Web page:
6)   Do you have a good support system throughout a planned pregnancy and once your child is born?  I am originally from Boston and most of my family is out of the country or on the east coast.  Even though I didn’t have a huge support system, I made sure to have my mom out for a month while I did IVF and for couple of months when the baby was born.  I also chose to have Godparents for my Lil’ Nugget, both of whom have no children and one who is local.  Creating your own tribe is not just a question of friendships, but of dynamics.  Make sure you pick people to be in your inner circle who are local if you can, and to keep ties with distant family members fresh through tools like Skype and Facebook.

7)   If using a donor, are you comfortable with your child potentially seeking them out as an adult?   I won’t even talk about anonymous donors – the reason?  I don’t believe in it.  Your children are GOING to want to know about their roots, even if those roots lie in a donor.  Pretending your children won’t be angry about this later in life is like sticking your head in the sand.  This is a decision for your kids, not you.  So make sure that you can be okay with your child’s potential desire to seek your donor out and satisfy their own curiosity.  We can’t control how the donor will respond, but we can help our children go through this process by keeping the lines of communication open from the very start.  Don’t make your donor a pariah. It will only backfire.

8)   If using a donor, are you comfortable with relatives and friends knowing?  I know this seems obvious, but I’ve seen a lot of people vacillate over this issue.  If you have a traditional family, for whom single parenthood or donor conception is a conflict, make sure you have armed yourself with a lot of information and the ability to stand on your own principals.  Not everyone is going to agree or understand.  But not everyone is in your position either. No one knows you better than you.  The ability to keep that in mind will be important to cultivate, not only during conception and pregnancy, but during the course of your child’s life.

9)   If using a known donor or surrogate, have you considered the legal ramifications in your state or country of residence?  Get a lawyer, look up the laws in your specific state and arm yourself with the facts.  Surrogates in certain states are considered legal parents and donors are given certain rights that you may not be comfortable with.  Even if things are amicable now, you can’t promise an agreement won’t be broken, so make sure you are going into this with the best protections and with your eyes open.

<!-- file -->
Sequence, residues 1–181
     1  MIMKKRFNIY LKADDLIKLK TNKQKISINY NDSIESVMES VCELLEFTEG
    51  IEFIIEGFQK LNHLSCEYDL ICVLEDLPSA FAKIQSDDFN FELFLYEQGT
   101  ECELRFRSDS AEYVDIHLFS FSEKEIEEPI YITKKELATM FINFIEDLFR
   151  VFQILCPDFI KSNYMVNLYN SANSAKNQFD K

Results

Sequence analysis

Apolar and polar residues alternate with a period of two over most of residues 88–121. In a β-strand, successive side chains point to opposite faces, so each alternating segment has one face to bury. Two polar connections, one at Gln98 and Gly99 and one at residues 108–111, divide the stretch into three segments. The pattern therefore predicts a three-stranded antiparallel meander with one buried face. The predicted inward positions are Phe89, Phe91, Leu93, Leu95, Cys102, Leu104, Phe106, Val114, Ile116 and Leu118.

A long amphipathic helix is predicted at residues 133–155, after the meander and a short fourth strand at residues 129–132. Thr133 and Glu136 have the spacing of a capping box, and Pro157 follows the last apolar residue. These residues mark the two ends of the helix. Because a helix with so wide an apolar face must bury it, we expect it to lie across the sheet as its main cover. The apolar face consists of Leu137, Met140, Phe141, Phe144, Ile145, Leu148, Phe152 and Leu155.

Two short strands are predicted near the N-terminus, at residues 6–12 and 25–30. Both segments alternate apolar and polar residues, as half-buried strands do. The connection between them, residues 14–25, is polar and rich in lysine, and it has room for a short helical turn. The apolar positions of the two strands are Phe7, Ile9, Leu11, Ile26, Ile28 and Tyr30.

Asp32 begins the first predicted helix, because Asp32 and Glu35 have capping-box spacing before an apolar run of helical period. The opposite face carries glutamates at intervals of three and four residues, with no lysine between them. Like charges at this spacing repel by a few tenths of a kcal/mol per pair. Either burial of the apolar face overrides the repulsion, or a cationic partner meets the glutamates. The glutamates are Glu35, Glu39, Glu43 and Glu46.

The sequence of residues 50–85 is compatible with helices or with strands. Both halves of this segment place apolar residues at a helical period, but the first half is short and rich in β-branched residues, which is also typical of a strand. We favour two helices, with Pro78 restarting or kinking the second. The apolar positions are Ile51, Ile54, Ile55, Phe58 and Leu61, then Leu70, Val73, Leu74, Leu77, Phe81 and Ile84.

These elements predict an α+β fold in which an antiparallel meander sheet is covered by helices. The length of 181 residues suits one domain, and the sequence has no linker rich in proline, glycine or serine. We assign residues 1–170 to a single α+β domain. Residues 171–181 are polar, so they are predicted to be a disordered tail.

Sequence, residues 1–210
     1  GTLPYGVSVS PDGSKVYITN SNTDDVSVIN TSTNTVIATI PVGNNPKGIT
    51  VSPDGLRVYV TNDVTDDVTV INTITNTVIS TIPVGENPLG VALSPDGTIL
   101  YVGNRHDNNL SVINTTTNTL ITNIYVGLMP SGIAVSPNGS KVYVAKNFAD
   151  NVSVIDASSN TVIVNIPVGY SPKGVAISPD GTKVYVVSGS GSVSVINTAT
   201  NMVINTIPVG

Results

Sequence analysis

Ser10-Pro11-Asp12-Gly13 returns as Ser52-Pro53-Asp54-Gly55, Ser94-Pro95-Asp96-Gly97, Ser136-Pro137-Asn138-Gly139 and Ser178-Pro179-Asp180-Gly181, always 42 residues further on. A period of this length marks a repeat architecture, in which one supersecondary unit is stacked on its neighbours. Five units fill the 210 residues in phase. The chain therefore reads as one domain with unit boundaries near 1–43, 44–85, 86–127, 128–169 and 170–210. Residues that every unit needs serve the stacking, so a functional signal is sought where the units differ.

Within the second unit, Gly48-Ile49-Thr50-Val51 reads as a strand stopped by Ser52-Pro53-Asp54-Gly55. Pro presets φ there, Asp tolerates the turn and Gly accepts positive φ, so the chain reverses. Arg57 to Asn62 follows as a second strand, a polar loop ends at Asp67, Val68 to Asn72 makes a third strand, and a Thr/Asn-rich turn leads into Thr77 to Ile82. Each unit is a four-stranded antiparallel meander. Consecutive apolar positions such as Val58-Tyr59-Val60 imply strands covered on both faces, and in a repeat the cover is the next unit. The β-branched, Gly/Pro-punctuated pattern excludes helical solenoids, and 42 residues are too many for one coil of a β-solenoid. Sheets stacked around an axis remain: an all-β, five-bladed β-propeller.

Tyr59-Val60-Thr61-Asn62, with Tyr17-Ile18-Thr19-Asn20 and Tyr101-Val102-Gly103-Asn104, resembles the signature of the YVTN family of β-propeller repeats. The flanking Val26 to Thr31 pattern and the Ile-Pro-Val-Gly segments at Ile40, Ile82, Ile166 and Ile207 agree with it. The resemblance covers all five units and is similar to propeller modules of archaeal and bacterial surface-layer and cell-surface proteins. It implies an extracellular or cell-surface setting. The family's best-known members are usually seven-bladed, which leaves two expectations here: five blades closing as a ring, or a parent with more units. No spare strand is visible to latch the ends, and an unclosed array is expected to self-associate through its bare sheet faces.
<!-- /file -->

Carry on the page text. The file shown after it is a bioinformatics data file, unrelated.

10)  Do you feel comfortable with your life as you know it changing? This is everything from your yoga classes to your hours at work to your dating life.  Your life will change.  Anyone who pretends they will somehow balance it all out perfectly all the time is lying to themselves, especially single moms. And remember, if you are teetering on this decision because you worry it will disrupt your morning yoga classes, you probably shouldn’t be having a baby until your priorities change.

I was surprised to find out that some women don’t think about the complex legalities involved in donation and surrogacy, and who are sort of “winging it” when it comes to getting pregnant. This decision is not like deciding whether or not to lease a car or buy it – it’s real, it’s permanent and it will eventually be a person with feelings.  If you are spending less time thinking about your donor than you have about anything else in your life, you aren’t thinking hard enough!  Sit down, take a breath.  Getting pregnant tomorrow won’t matter if you end up in a legal bind, a messy situation with an ex, or with a child who wonders why you decided to have the donor be some married guy you had sex with from JDate.  Not so cool.

But what I can tell you is that if you feel comfortable with all the issues above and still look forward to pregnancy, it will be the best decision you’ve ever made in your life – hands down. Looking into your baby’s eyes, and knowing that you share an unbreakable bond with someone is inspiring, beautiful and life-altering. I know. I’ve been there.